Practitioner perceptions of the use of the Triple P - Positive Parenting Program with families from culturally diverse backgrounds

A Morawska, M R Sanders, J O'Brien, C McAuliffe, S Pope, E Anderson

    Research output: Contribution to journalArticlepeer-review

    Abstract

    Parenting programs are effective as a means of preventing and treating child emotional and behavioural problems; however, engagement of families from culturally diverse populations has been low. The perceptions of practitioners who conduct parent consultations with families from culturally diverse backgrounds were assessed to examine the perceived suitability of the Triple P - Positive Parenting Program. Practitioners rated the program as moderately acceptable. Previous training in parenting intervention and years of experience working with parents impacted on practitioner ratings, as did the type of practitioner profession. Practitioners identified certain barriers to parents' participation and preferred traditional face-to-face delivery formats. Practitioner perceptions may influence parental access to parenting programs. To enhance parental access to parenting interventions, practitioners may require additional training and education about parental preferences and evidence based practice.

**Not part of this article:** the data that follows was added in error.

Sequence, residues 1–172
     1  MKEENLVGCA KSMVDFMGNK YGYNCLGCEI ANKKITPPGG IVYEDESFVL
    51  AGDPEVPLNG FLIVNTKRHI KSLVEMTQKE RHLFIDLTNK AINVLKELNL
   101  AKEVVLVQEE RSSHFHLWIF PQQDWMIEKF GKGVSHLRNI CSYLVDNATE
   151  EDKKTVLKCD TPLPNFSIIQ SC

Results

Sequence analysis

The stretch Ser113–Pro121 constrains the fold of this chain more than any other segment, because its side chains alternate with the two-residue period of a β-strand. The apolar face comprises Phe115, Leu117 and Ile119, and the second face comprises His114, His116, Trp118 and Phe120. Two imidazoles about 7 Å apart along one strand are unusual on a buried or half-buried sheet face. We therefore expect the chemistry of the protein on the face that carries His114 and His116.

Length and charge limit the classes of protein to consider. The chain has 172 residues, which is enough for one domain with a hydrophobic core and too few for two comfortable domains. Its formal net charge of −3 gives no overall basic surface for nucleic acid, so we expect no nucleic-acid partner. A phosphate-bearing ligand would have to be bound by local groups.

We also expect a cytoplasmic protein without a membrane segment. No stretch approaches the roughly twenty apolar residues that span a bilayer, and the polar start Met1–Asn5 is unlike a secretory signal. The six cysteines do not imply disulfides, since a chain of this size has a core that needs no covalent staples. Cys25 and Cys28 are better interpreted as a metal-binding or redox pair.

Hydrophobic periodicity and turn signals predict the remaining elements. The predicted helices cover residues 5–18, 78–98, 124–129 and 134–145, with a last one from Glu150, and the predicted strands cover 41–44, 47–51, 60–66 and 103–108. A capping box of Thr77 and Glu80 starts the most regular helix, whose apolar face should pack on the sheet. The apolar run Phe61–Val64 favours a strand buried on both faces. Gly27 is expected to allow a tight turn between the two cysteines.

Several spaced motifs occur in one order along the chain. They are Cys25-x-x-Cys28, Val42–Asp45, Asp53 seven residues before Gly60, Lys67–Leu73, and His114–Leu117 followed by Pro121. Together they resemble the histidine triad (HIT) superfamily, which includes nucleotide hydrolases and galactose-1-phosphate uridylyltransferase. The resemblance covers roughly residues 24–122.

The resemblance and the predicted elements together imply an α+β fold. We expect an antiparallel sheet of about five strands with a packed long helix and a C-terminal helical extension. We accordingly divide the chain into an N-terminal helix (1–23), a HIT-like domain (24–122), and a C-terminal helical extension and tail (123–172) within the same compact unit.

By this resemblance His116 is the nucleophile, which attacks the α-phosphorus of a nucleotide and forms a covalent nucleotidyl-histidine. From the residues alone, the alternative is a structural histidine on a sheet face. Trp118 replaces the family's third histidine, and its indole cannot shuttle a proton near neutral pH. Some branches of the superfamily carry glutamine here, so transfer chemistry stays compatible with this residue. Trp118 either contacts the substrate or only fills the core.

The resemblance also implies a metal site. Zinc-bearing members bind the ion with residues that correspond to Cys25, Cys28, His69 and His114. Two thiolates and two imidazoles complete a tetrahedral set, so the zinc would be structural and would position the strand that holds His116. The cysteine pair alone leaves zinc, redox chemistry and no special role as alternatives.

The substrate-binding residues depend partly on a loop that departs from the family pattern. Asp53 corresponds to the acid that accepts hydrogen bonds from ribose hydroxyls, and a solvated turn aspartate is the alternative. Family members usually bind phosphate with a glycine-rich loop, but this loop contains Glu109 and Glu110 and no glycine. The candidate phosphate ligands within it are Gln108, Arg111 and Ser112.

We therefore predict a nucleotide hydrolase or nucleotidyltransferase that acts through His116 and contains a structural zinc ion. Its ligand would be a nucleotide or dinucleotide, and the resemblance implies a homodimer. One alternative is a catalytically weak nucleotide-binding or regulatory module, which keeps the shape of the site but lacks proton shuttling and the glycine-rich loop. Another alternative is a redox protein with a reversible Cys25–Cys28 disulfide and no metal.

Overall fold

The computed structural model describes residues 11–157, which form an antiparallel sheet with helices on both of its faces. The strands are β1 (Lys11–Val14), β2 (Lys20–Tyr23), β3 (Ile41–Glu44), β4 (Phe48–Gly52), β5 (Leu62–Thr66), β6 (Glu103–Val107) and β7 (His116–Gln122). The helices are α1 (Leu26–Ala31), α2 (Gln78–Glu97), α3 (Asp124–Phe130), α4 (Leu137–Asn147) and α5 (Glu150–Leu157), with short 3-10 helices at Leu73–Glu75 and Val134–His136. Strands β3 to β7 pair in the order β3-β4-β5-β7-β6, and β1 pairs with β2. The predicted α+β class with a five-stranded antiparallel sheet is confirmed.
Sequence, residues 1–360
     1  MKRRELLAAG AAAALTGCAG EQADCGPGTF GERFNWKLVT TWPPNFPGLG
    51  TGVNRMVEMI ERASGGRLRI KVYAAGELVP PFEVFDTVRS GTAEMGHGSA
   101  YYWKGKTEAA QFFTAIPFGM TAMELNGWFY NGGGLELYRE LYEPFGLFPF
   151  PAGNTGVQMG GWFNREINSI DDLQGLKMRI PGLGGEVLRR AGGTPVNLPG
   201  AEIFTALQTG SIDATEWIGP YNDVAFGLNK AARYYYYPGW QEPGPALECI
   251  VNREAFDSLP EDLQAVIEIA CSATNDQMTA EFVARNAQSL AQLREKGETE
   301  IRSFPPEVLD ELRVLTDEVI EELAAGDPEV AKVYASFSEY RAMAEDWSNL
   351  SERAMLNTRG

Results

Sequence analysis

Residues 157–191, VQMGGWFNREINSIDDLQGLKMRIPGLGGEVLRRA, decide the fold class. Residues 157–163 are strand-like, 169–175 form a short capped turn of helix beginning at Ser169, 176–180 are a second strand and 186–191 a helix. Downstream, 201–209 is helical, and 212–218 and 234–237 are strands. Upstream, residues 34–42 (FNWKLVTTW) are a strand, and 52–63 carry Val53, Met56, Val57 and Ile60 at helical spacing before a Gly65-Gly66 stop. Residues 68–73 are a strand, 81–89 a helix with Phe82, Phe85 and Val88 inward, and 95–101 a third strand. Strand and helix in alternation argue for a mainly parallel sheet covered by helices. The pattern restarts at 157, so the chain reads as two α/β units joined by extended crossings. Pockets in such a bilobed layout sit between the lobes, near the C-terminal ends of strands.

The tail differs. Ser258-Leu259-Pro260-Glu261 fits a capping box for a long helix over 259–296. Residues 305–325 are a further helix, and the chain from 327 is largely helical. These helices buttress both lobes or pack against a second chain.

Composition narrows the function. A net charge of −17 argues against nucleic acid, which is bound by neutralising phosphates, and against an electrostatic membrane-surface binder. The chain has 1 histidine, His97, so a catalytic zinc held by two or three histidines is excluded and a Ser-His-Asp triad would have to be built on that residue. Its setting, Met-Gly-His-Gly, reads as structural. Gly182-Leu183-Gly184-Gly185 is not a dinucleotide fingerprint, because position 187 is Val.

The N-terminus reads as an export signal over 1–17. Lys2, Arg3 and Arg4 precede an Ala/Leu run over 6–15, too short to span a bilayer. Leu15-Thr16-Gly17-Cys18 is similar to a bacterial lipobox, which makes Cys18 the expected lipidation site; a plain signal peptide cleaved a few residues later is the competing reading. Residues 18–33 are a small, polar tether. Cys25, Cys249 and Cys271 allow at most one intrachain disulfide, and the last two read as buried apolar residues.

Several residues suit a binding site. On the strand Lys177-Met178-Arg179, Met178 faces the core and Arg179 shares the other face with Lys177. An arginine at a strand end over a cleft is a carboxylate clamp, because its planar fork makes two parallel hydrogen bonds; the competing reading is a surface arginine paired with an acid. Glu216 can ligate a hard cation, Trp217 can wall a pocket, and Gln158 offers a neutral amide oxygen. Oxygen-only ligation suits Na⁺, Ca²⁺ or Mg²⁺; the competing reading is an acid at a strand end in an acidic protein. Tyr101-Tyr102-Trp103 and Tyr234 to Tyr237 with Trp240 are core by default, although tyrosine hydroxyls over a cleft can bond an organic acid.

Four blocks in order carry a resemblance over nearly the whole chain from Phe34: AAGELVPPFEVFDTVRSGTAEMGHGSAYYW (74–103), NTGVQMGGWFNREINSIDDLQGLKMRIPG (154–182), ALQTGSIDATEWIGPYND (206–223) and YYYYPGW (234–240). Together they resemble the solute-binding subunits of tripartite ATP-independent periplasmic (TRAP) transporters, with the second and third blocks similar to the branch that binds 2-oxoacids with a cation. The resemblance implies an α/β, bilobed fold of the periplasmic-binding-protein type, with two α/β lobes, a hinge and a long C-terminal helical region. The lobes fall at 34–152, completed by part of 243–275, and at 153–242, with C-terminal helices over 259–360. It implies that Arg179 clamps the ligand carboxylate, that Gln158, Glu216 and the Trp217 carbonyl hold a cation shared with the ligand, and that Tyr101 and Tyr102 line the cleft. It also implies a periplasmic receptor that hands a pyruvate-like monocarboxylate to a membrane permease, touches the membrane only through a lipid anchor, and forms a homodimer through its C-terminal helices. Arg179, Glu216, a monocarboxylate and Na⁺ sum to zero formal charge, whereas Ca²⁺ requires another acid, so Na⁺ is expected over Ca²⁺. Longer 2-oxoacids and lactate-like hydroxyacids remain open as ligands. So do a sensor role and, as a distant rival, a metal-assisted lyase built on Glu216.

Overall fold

Original languageEnglish
    Pages (from-to)313-320
    Number of pages8
    JournalAustralian Journal of Primary Health
    Volume18
    Issue number4
    DOIs
    Publication statusPublished - 2012

    Keywords

    • culture
    • engagement
    • parenting intervention
    • practitioner training
    • training needs
    • children
    • care
    • acceptability
    • psychotherapy
    • intervention
    • adolescents
    • management
    • barriers
    • support

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